Getting into orbit around Mercury is a difficult task. BepiColombo first had to shed the orbital energy it was “born” with when launched from Earth, meaning it first flew in a similar orbit to our home planet – and reduced its orbit to a size more similar to that of Mercury. The first flybys of Earth and Venus by BepiColombo were therefore used to “spill” energy and get closer to the center of the solar system, while the series of Mercury flybys are used to lose more orbital energy, but now for the purpose of being captured by the scorched planet.
For this second of six flybys of this type, BepiColombo must pass Mercury just 200 km from its surface, with a relative speed of 7.5 km/s. By doing so, BepiColombo’s speed relative to the Sun will be slowed by 1.3 km/s, bringing it closer to Mercurial’s orbit.
“We have three slots available to perform corrective maneuvers from ESA’s ESOC Mission Control in Darmstadt, Germany, to be in precisely the right place at the right time to use Mercury’s gravity as we need it. “, explains Elsa Montagnon, mission manager for BepiColombo.
“The first such slot was used to set the desired flyby altitude of 200 km above the planet’s surface, ensuring the spacecraft would not be on a collision course with Mercury. Thanks to the meticulous work of our colleagues at Flight Dynamics, this first trajectory correction was executed with great precision, so that further slots were not necessary.
Selfie-cam is gone
During flybys, it is not possible to take high resolution images with the main science camera because it is shielded by the transfer module when the spacecraft is in cruise configuration. However, the three from BepiColombo surveillance cameras (MCAM) will take pictures.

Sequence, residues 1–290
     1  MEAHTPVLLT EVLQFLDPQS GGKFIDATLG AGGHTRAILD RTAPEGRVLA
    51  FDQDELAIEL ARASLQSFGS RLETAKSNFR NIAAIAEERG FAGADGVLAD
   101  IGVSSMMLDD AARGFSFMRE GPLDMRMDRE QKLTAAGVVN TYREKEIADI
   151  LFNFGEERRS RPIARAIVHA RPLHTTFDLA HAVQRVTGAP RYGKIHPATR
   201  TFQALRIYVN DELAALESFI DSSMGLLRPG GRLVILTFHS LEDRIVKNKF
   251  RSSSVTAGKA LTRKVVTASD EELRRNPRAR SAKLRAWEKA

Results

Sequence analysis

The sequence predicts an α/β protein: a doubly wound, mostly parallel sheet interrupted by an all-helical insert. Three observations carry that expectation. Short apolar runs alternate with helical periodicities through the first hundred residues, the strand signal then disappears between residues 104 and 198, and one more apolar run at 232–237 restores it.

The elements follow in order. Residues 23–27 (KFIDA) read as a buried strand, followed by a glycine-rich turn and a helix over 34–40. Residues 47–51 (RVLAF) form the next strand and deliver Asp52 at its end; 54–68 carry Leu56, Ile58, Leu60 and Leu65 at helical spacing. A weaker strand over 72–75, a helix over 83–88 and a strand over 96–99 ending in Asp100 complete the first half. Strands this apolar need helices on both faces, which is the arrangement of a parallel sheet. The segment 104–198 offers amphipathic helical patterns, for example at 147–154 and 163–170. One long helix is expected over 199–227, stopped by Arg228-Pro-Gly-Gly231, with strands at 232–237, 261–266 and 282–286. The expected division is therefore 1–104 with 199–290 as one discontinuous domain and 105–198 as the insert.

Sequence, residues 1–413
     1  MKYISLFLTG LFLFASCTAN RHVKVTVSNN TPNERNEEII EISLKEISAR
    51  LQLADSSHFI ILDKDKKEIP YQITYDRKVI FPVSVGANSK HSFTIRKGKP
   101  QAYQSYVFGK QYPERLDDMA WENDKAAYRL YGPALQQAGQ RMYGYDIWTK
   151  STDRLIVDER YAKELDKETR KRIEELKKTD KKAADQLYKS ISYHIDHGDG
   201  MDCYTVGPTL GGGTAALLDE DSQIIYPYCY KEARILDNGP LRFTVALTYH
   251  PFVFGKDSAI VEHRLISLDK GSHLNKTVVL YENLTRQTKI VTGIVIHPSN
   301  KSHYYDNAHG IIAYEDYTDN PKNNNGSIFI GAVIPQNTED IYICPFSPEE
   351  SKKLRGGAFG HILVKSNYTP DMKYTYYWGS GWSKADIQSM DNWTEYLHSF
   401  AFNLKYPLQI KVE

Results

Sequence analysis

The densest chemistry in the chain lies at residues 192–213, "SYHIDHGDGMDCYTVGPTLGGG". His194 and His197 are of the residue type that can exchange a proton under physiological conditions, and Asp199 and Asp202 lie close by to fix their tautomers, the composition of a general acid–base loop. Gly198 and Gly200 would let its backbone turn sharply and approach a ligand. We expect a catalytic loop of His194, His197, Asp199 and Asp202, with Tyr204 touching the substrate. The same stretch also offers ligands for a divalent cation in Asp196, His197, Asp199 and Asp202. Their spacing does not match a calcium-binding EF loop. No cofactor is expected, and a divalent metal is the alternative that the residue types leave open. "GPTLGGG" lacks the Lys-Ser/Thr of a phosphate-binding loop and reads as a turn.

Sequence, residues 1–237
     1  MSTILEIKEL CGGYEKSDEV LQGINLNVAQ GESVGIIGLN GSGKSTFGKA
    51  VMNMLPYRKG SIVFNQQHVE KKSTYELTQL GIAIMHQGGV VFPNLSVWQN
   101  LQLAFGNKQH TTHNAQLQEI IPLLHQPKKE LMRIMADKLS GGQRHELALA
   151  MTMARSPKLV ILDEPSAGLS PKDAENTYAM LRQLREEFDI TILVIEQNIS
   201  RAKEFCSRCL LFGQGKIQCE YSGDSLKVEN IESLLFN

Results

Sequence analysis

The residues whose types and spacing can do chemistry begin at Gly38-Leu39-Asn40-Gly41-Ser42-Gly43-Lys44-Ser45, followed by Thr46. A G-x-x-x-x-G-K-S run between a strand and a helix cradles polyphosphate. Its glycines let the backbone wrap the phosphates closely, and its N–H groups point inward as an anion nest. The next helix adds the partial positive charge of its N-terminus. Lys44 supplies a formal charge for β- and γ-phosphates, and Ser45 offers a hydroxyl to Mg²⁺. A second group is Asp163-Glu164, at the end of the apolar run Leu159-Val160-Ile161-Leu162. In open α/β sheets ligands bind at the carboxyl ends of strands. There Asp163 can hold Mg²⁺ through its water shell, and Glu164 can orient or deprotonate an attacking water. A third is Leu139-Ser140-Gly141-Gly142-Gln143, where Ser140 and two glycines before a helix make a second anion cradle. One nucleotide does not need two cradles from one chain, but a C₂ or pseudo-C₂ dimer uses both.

Since the closest approach to BepiColombo will be from the night side of the planet, the first images in which Mercury will be illuminated should be around five minutes after the close approach, at a distance of around 800 km.
The cameras provide black and white snapshots with a resolution of 1024 x 1024 pixels and are positioned on the mercury transfer module so as to also capture the spacecraft’s solar panels and antennas. As the spacecraft changes orientation during the flyby, Mercury will be seen to pass behind structural elements of the spacecraft.
The first images will be transmitted a few hours after the closest approach; the first should be available for public release on the afternoon of June 23. Subsequent images will be downlinked throughout the day and a second image release, including several new images, is expected by Friday morning. All images must be made public within the Planetary Science Archive Monday, June 27.
For closer images, it should be possible to identify large impact craters and other significant geological features related to tectonic and volcanic activity such as scarps, ridges and lava plains on the surface of the planet. Mercury’s heavily cratered surface records a 4.6 billion year history of asteroid and comet bombardment, which, together with unique tectonic and volcanic sights, will help scientists unlock the secrets of the planet’s place in the evolution of the solar system.
Follow the flyover
Image release times are subject to change based on actual spacecraft events and image availability.
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ESA Media Relations